April 24 – Matthew 28:16-20

This week we’re turning to Matthew 28:16-20, which contains something called the Great Commission. Earlier in the chapter Jesus resurrected from the dead and in our passage Matthew draws his Gospel account to a close with a final command from Jesus (check out Acts 1-2 for a bit more on the global scope of this command). And while Jesus gives this command to the Apostles here, their mission was simply the mission of the church, a mission which has been handed down through the centuries to us. In the Great Commission Jesus says three big things, one core command sandwiched between two sources of comfort.

First comes a reassurance: Jesus reveals that all authority in heaven and on earth has been given to him by the Father (28:18). What he says there is something no other being in the universe can say. Your parents, whoever can fire you at work, even world leaders can only say “some authority has been given to me.” Only one person has it all, and Jesus says this 1. as a confirmation of his exaltation and Lordship, following his resurrection, and 2. as a comfort for us through the ages. Jesus’ life was hard, so we can assume that following him and making disciples like he did is a tough gig. But we can take heart knowing that ultimate authority has been granted to the one who gives us this mission, meaning he has the authority both to commission us for service and to see our mission out. At the end of the day there is ultimately no road block, no thing, power, or person that can stand in our way, that Jesus doesn’t have complete control over.

Second comes the command: make disciples (28:19-20a). If you check out the structure of the sentence you’ll notice that “teaching them to observe all that I have commanded” and “baptizing them in the name of the Father, Son, and Holy Spirit” are both components of the primary command to make disciples. To be sure, Jesus isn’t providing an exhaustive methodology for making disciples but he is pointing out some of the crucial aspects for the kind of discipleship he wants his people to do. But even in this non-exhaustive description he’s asking for a lot— just think of what it means to teach someone ALL that Jesus commanded! How can you do that while living your life, working a job, raising a family, or trying to have friends?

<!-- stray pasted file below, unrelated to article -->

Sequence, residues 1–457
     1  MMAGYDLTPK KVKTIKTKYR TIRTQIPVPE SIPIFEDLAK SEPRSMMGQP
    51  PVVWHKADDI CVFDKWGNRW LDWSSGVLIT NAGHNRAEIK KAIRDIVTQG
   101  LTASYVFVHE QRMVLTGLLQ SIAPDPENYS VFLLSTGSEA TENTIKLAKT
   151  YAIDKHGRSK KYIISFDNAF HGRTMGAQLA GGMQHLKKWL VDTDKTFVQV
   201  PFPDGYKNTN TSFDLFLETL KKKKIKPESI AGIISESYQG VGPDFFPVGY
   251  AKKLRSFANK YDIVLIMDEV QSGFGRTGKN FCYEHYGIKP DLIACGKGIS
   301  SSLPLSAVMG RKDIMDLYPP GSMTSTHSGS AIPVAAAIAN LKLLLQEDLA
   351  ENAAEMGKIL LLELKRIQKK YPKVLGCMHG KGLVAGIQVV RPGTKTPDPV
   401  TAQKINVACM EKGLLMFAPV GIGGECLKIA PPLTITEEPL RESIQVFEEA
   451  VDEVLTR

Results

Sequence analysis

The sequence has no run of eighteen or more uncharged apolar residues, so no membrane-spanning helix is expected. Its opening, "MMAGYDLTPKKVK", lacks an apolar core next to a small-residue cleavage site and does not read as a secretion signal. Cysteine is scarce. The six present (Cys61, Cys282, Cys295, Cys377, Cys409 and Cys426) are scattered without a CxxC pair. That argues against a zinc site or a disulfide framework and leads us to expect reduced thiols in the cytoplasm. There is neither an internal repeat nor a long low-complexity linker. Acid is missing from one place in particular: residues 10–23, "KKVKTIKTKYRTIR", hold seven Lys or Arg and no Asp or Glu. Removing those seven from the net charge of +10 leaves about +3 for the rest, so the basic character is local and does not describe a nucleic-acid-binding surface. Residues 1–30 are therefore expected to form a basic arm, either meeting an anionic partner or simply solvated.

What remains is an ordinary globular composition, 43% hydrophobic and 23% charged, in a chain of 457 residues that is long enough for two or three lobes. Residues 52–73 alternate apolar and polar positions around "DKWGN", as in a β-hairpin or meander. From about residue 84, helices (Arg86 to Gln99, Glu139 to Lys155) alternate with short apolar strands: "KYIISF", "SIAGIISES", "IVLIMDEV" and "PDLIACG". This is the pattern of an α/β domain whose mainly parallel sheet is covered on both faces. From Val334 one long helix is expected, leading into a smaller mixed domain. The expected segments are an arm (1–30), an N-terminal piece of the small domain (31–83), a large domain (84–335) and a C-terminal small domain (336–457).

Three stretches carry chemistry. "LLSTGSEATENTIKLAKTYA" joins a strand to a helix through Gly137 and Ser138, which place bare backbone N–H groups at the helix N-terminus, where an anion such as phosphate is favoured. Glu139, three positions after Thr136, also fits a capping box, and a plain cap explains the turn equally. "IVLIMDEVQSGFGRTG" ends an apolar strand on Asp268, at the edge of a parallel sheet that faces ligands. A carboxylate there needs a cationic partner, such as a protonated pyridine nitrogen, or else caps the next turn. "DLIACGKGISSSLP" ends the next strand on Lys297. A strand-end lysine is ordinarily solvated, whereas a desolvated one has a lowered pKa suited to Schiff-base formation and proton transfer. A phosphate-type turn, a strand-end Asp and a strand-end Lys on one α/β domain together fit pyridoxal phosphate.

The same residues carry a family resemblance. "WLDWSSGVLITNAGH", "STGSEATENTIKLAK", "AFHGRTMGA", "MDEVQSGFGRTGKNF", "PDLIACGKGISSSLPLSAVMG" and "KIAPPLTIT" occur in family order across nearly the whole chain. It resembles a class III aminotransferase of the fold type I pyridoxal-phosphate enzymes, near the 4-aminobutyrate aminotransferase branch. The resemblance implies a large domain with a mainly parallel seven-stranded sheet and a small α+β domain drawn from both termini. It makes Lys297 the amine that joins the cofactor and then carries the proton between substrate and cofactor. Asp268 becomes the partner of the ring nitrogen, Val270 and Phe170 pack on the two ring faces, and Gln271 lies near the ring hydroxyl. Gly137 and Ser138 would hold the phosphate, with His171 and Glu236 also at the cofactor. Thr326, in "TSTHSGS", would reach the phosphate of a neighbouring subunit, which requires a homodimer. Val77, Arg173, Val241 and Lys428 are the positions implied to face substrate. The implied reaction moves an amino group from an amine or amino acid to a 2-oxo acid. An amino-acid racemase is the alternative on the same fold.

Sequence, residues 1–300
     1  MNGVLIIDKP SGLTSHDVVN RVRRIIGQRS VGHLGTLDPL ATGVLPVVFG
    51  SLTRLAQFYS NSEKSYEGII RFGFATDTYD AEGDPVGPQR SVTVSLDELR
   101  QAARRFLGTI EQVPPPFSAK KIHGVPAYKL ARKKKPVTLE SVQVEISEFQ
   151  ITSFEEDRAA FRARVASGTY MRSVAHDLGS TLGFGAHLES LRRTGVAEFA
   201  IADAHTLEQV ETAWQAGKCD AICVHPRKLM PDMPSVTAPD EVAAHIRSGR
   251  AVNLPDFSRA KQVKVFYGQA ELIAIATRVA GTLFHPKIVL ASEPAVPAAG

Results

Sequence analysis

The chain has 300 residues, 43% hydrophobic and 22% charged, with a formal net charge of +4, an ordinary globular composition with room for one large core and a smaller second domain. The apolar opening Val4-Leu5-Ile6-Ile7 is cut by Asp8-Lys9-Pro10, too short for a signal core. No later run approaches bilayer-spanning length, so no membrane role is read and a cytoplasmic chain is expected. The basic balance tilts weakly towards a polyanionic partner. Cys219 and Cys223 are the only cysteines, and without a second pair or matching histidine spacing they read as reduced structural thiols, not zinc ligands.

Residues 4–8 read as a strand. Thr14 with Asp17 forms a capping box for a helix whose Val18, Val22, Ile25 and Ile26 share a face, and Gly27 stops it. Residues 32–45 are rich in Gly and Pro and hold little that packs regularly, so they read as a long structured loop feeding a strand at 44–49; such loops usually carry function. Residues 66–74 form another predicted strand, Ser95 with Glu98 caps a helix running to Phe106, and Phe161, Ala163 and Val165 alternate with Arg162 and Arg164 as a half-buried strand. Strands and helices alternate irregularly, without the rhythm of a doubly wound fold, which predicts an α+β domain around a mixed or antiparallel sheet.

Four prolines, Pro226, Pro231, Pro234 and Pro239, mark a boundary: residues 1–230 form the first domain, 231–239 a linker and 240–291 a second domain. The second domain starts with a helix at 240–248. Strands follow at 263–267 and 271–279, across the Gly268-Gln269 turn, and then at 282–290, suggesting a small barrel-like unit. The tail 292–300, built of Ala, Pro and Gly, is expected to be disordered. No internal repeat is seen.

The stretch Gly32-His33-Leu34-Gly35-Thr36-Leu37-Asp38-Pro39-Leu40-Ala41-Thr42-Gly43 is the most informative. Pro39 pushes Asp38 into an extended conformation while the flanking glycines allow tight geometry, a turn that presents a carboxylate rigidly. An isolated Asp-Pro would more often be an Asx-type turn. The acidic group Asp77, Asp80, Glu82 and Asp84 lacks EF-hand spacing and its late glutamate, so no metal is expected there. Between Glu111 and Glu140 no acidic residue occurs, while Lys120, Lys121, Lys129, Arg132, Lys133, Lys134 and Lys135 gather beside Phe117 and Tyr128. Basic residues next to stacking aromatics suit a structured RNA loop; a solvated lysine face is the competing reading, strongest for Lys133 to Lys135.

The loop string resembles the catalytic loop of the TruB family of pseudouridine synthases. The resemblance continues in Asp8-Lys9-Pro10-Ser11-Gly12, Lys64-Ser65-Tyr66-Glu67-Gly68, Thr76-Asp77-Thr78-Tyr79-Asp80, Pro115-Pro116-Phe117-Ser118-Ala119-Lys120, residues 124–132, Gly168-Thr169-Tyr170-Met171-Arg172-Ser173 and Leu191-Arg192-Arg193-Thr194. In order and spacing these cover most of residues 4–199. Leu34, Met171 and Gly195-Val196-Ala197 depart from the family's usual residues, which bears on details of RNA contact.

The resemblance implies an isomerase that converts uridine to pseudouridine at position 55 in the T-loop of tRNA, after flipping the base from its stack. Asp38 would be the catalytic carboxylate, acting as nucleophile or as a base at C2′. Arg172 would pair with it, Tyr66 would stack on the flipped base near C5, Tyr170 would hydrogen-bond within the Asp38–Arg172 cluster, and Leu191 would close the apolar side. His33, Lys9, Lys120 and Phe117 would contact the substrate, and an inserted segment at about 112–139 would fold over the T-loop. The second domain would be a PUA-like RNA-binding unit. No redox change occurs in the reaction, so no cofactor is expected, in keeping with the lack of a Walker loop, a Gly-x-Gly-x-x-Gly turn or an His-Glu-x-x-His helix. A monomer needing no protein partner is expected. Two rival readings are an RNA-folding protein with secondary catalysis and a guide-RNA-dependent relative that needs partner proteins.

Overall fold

Because of the third thing, the final source of comfort: Jesus is with you always (28:20b). And for Jesus to “be with us” isn’t just a nice platitude. His Spirit, the third member of the Trinity and God himself, is alive and active within us! Again, check out Acts 1-2 and you’ll see a powerful example of Jesus’ presence among his disciples through his Spirit. So, as you consider how to be on mission both as individuals and as a community group, take heart. Jesus is in control and is with you, ready to enable you, strengthen you, give you time and opportunity, comfort you, and guide you as you obey his commission to make disciples.

When it comes to your community group, discipleship has several simultaneous modes, involving both the making of new disciples and the shaping of established disciples. And this occurs both when your group members are gathered together and when they’re scattered. In the normal life of your group you and your group members will share a couple hours a week together at most, meaning your group members spend the vast majority of their time out in the mission fields where God has placed them, in their neighborhoods, workplaces, friend groups, families, etc. So, in discussion we’ll consider how your group can be a staging ground for that scattered mission, how you can pray for one another, support each other, and urge one another on in the mission Jesus has given us.

Questions for Discussion
• Could someone read Matthew 28:16-20 for us?

• First off, what does it mean to “make disciples”?

• Why do you think Jesus wants his followers to make disciples?

• How does it feel for you personally to receive this mission from Jesus?

• What’s a group of people, or specific person, in your life who you long for God to work in?

• How do you think God has commissioned you for that specific group or person?

• How does this passage provide you with hope and encouragement for carrying out Jesus’ mission for you?

• What are some ways we as a group can support one another in our separate workplaces / neighborhoods / families / etc.?